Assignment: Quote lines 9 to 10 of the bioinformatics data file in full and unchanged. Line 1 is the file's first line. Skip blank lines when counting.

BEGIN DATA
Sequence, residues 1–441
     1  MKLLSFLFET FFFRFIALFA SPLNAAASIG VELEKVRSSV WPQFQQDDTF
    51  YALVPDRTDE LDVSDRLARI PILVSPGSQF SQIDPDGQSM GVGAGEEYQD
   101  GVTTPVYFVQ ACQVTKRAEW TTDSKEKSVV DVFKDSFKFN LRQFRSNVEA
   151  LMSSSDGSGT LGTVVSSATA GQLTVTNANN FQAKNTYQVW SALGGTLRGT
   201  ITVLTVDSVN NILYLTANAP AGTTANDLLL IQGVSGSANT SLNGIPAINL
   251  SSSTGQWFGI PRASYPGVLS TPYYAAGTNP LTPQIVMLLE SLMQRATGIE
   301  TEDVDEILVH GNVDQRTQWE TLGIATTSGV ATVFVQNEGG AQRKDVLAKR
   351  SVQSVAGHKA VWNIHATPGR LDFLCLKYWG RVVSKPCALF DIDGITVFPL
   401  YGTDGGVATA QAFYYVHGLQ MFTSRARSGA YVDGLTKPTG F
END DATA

   351  SVQSVAGHKA VWNIHATPGR LDFLCLKYWG RVVSKPCALF DIDGITVFPL
   401  YGTDGGVATA QAFYYVHGLQ MFTSRARSGA YVDGLTKPTG F